Tuesday, September 20, 2011

Secretary Chu Advised on "Prudent Development" of Oil and Gas

A news item concerning last week's release of the National Petroleum Council's "Prudent Development" report referred to a recommendation supporting a national tax on carbon. That caught my attention. Given the NPC's makeup, a consensus on such a controversial issue would be surprising. The actual text of the report proved somewhat less dramatic on the climate policy front, but no less worthwhile for its comprehensive assessment of the abundance of North American hydrocarbon resources, as well as the development approach "necessary for public trust, protection of health, safety and the environment, and access to resources." The report doesn't just focus on macro concerns about climate change and other environmental issues, but also on timely details such as the methane emissions, water and land-use impacts involved in shale gas production and other resource development.

For those not familiar with the NPC, the organization is charged with advising the Secretary of Energy on matters relating to oil and gas, though in practice it looks at a much broader array of energy issues. In 2007 I helped with the renewable energy analysis in the group's previous study, entitled "Hard Truths." The current study is one of two requested of the NPC by Secretary Chu; the other will look at future transportation fuels and is due out in the first half of next year. What makes these reports unusual is that they incorporate the views of academics, government officials, non-governmental organizations, and the legal and financial sectors, along with those of the energy industry. In the current study, just under half the participants represented oil and gas companies, while the Emissions and Carbon Regulation Subgroup included members from the National Resources Defense Council and US EPA, and the Environment and Regulatory Subgroup was chaired by someone from the Environmental Defense Fund. I think we'd all benefit from more such "strange bedfellows" collaborations.

The report's specific recommendation on carbon pricing as a mechanism for addressing greenhouse gas emissions appears in the Executive Summary and originates in an entire chapter on "Carbon and Other Emissions in the End-Use Sectors." Although it's much more generic than the Fuelfix article indicated, it's still noteworthy. It deals with the need to internalize emissions costs into fuel and technology choices, with a carbon tax mentioned as just one option among a range of measures for establishing an explicit or implicit price on carbon. It states,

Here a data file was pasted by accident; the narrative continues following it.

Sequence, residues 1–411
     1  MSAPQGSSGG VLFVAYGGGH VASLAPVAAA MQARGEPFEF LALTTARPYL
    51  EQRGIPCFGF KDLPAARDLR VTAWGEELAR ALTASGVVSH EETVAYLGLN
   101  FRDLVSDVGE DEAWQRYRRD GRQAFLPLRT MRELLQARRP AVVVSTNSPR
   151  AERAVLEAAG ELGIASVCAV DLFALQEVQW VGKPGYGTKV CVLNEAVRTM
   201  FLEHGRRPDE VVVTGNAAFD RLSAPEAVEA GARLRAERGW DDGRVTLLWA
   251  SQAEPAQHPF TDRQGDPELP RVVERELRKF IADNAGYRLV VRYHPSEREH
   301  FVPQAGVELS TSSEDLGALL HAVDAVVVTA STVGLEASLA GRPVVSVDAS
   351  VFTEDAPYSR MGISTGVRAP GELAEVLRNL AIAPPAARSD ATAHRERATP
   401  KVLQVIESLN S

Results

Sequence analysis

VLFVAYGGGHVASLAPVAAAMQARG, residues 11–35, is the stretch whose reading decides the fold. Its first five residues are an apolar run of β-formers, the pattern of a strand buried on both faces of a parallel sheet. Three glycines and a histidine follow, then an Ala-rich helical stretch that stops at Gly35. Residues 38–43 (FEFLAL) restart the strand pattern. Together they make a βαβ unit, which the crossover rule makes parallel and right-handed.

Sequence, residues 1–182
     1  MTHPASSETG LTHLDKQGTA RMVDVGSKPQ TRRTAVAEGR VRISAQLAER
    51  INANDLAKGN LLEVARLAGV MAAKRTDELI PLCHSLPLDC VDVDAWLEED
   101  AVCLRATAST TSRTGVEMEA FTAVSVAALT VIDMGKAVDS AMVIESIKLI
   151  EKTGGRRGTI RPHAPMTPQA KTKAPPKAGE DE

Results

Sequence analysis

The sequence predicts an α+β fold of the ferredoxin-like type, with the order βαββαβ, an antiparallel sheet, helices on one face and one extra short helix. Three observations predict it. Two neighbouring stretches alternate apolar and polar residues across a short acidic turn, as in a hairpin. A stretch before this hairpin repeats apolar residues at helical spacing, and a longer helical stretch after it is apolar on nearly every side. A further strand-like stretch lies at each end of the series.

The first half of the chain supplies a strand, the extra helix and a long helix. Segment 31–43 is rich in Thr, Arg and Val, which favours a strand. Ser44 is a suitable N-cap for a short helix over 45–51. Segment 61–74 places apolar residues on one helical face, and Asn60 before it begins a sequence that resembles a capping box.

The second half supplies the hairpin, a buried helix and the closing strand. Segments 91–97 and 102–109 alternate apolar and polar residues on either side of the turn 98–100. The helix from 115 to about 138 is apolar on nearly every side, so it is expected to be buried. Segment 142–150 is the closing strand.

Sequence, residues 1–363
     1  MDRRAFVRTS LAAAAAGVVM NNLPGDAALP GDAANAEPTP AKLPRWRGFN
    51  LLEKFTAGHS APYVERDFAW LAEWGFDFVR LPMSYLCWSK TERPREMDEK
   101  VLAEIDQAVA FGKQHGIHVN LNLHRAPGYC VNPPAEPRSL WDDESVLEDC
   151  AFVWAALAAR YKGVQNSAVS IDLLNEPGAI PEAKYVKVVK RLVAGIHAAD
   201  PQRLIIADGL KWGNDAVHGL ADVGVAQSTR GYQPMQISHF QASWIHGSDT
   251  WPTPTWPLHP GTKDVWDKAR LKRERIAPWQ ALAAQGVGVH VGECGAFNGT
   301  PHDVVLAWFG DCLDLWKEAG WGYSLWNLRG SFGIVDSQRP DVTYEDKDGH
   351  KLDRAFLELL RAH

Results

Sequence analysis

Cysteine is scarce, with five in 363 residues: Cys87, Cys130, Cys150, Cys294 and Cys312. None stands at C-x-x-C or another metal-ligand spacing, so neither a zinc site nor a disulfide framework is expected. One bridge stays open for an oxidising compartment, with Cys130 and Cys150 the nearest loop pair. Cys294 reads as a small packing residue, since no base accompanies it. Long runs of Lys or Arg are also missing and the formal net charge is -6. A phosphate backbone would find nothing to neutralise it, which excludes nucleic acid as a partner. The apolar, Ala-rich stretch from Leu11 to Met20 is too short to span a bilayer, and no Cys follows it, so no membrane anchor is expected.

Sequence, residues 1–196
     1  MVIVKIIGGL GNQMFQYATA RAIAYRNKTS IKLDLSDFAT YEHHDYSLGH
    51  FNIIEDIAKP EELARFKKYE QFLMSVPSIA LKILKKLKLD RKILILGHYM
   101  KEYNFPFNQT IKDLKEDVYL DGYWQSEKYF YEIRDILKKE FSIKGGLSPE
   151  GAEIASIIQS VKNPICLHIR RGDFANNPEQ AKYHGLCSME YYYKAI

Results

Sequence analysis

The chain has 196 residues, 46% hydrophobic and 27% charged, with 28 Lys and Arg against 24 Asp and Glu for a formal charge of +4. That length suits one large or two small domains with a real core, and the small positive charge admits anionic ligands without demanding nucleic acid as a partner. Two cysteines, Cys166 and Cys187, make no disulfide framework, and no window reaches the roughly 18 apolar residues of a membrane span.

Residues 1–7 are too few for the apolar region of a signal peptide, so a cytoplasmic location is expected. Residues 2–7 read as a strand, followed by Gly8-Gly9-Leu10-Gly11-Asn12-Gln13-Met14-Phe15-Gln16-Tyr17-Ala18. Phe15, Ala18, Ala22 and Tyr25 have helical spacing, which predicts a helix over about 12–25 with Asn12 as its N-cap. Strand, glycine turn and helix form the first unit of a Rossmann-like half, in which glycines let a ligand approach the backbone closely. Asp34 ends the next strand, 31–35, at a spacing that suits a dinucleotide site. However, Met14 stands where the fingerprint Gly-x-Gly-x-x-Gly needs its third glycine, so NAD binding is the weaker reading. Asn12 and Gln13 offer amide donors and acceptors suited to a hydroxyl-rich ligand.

"As Congress, the Administration, and relevant agencies consider energy policies, they should recognize that the most effective and efficient method to further reduce GHG emissions would be a mechanism for putting a price on carbon emissions that is national, economy-wide, market-based, visible, predictable, transparent, applicable to all sources of emissions, and part of an effective global framework."

It goes on to address non-market mechanisms such as performance standards and clean energy standards, and how a policy on carbon should be phased in. While individual oil and gas companies have supported cap and trade or a carbon tax either individually or within multi-industry groups, I can't recall such a broad cross-section of this industry going along with the idea of carbon pricing, even in this non-specific manner.

The timing of this is interesting. It's hard to envision a comprehensive climate bill passing the Congress between now and the November 2012 election, or even being introduced on anything other than a symbolic basis. The pork-laden monstrosity of the Waxman-Markey bill succeeded only in making cap and trade toxic, and I can't imagine a worse environment for introducing any kind of new tax--a price on carbon is clearly a tax--even if the concept behind cap and trade has a solid bipartisan pedigree. Short of the miraculous materialization of a carbon tax as a compromise revenue solution from the deficit-fighting Supercommittee, carbon pricing in the US looks dead until 2013 and possibly well beyond. I'm also starting to see more comments along the lines of this one from the blog of the Information Technology and Innovation Foundation suggesting that policies promoting innovation might be a lot more important in addressing climate change than any level of carbon pricing that could realistically be implemented here.

So whether you regard this recommendation by the NPC as an attempt to restart a stalled debate on carbon pricing, or merely a tardy entry in a formerly crowded field, I think it also signals that the energy industry isn't oblivious to the fact that its emissions--including the lion's share associated with end-user consumption of their products--must eventually be dealt with. Chances are, that will await a return to economic health and stability, when US consumers, voters and taxpayers might be expected to prove more willing to incur the sacrifices this will entail. The report also includes a good perspective on the considerable North American resource upside that could be unleashed with different policies than the ones now in place, and that might just hasten the arrival of more favorable economic conditions for carbon policy.